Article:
Tegart Fort in Tsfat
The famous Tegart fort in the city of Tsfat — a British-built police station overlooking the Arab and Jewish sections of the city — represented the British colonial presence in Palestine, and the extent to which the British were ostensibly responsible for law and order. These forts can be found all over Israel and the West Bank.
Although British interest in Palestine dates back to the early 1800s, the British assumed an official role in the region during World War One. Fighting a nasty war against the Germans and their Ottoman allies in the Middle East, Palestine was a highly valued territory for its strategic benefits. The British were therefore eager to court both Jewish and Arab support, and did so by making contrasting promises to both groups.
The Balfour Declaration
On November 2, 1917, the British issued the Balfour Declaration, which became one of the foundational texts of the future State of Israel. As a promise to garner Jewish support for the Allied cause during the war, it committed the British to supporting the creation of a Jewish homeland in Palestine. Though vague, its 68 words were a profound affirmation of the Zionist Movement’s efforts to achieve international support, and served as the bedrock principle of British policy for the next several decades.
The telegram was sent to Lord Rothschild by the British Foreign Secretary, Lord Arthur Balfour.
Okay, but problem:
Unbeknownst the wider world, the British had made a secret deal with the Arabs back in 1915: that if the Arabs supported the British war effort against the Ottomans, the British would favor the creation of an Arab state in Palestine. But then a year later — an a year before the Balfour Declaration — the British made yet another deal, this time with the French.
Called the Sykes-Picot Agreement, it carved up the Middle East into French and British spheres of influence (once the Ottomans were turfed out, of course). But in doing so, the British betrayed that original agreement with the Arabs, a fact which, when revealed at the end of 1917, led to lasting enmity between the Arabs and the West that has persisted to this day.
The British Mandate, 1920-1948
At the end of the war, Ottoman rule in Palestine came to an end after 400 years. The British were in control of both Palestine and Transjordan (the country we today call Jordan). Under the League of Nations, a “mandate” territory is one that is temporarily governed by another power, which then has the responsibility to prepare and facilitate that territory for eventual statehood.
Palestine and Transjordan were combined into a single British colony: the British Mandate (often also called Mandatory Palestine). This meant that the British were officially in charge of Palestine, but could not, say, add Palestine to the British Empire. They had to prepare it for independence. But with both Jews and Arabs claiming that territory, how should the British manage that process?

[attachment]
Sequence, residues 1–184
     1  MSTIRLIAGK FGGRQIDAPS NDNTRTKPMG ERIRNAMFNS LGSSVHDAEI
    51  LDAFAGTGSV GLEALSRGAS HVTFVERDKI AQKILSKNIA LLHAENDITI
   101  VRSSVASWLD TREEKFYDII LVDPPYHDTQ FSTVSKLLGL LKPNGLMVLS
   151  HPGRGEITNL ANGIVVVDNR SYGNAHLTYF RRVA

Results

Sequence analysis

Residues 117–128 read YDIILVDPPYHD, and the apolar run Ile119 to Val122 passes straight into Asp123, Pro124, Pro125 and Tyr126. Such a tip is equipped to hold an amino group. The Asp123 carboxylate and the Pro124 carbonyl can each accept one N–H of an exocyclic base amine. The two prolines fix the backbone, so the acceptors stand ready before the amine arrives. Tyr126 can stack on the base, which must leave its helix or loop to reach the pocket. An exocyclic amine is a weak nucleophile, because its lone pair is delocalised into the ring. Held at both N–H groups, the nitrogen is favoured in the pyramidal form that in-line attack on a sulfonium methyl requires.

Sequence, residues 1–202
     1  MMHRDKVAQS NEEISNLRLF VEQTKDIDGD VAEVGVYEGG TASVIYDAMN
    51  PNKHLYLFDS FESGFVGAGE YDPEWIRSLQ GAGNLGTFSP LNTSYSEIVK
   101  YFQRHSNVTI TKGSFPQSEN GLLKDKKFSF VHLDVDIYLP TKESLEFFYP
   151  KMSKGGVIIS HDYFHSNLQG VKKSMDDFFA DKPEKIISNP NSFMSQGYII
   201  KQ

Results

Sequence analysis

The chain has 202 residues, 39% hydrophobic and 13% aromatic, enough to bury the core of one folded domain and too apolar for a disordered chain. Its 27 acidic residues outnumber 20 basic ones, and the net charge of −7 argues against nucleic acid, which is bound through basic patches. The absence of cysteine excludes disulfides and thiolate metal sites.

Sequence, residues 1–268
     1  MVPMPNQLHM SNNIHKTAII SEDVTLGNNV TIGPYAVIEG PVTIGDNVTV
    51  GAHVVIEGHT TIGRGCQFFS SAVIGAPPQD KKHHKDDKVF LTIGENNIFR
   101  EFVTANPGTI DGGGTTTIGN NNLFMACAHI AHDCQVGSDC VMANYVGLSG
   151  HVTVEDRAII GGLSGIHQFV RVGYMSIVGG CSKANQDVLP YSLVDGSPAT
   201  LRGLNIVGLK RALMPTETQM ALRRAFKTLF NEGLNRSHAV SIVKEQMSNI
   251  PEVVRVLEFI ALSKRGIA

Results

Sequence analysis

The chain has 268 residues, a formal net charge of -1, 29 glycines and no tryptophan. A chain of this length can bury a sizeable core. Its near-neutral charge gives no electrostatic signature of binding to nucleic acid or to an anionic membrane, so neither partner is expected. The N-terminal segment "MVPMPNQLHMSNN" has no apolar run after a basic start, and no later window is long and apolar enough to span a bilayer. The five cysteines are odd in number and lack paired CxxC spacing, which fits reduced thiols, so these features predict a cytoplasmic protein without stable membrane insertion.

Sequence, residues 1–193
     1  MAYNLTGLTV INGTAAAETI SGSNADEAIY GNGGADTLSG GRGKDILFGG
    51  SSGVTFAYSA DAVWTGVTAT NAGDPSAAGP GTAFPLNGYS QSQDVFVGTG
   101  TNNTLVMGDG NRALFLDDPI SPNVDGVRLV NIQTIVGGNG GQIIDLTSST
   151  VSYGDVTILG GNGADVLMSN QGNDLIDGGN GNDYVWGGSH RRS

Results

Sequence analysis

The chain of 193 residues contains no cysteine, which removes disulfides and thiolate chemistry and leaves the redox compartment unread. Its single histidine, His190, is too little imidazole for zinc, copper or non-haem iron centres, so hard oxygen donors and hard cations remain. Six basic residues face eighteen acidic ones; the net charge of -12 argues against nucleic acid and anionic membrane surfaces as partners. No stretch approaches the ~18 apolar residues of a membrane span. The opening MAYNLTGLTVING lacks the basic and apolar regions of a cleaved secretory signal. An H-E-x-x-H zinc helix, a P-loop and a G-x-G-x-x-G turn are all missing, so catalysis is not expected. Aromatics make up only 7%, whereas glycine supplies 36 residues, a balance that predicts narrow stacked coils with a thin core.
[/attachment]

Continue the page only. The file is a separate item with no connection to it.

Map source: the Jewish Virtual Library
Thanks to extensive Zionist diplomacy — led by Chaim Weizmann, who was the the leader of the Zionist Movement at this point — the British favored the Jewish cause in Palestine. British leaders like Winston Churchill supported Zionism; but others were against the Jews, whether because of geopolitical considerations (wanting to keep the Arabs happy because they controlled the oil) or outright anti-Semitism. And in accordance with the 1917 Balfour Declaration, Britain understood that open immigration was essential to the Zionist goals.
But as the Arabs began responding to Jewish immigration with acts of violence, the British began to cave in to the pressure, and see-sawed between restricting and allowing Jewish immigration. This ensured that no one was ever happy, and set the Arabs and the Jews against both each other, as well as the British.
A decade of continuous violence and conflict between Arabs, Jews, and the British, culminated in the Arab Revolt of 1936-1939. What began as an Arab general strike under Haj Amin al-Husseini led to three years of bloodshed, as all sides attacked, retaliated, and counter-retaliated for each act of violence. This period had a profound impact on Arab-Jewish relations, Jewish self-defense measures, the British attitude towards both Arabs and Jews, and the long-term viability of the British Mandate.
The Arab Revolt came to an end when the British issued the White Paper of 1939, which all but ended Jewish immigration to Palestine, save for a trickle of Jews who would be allowed in over a five year period. The Jews were apoplectic, as the peril facing the Jews of Europe was becoming extreme, and the Yishuv (the Jewish community in Palestine) was desperate to get as many Jews out as possible. The Arabs, too, hated the White Paper because it still allowed for limited Jewish immigration. The British would hold to the White Paper, more or less, until Israel was established in 1948.